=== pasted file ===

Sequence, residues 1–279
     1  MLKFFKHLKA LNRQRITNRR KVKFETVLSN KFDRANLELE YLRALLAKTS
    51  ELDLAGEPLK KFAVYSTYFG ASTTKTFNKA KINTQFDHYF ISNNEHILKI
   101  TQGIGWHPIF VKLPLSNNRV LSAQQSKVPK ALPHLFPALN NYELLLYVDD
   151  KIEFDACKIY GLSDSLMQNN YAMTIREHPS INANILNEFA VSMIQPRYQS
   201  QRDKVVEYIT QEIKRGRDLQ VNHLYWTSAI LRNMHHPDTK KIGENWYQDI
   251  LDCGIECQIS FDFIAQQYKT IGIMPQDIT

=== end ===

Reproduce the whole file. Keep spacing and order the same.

Sequence, residues 1–279
     1  MLKFFKHLKA LNRQRITNRR KVKFETVLSN KFDRANLELE YLRALLAKTS
    51  ELDLAGEPLK KFAVYSTYFG ASTTKTFNKA KINTQFDHYF ISNNEHILKI
   101  TQGIGWHPIF VKLPLSNNRV LSAQQSKVPK ALPHLFPALN NYELLLYVDD
   151  KIEFDACKIY GLSDSLMQNN YAMTIREHPS INANILNEFA VSMIQPRYQS
   201  QRDKVVEYIT QEIKRGRDLQ VNHLYWTSAI LRNMHHPDTK KIGENWYQDI
   251  LDCGIECQIS FDFIAQQYKT IGIMPQDIT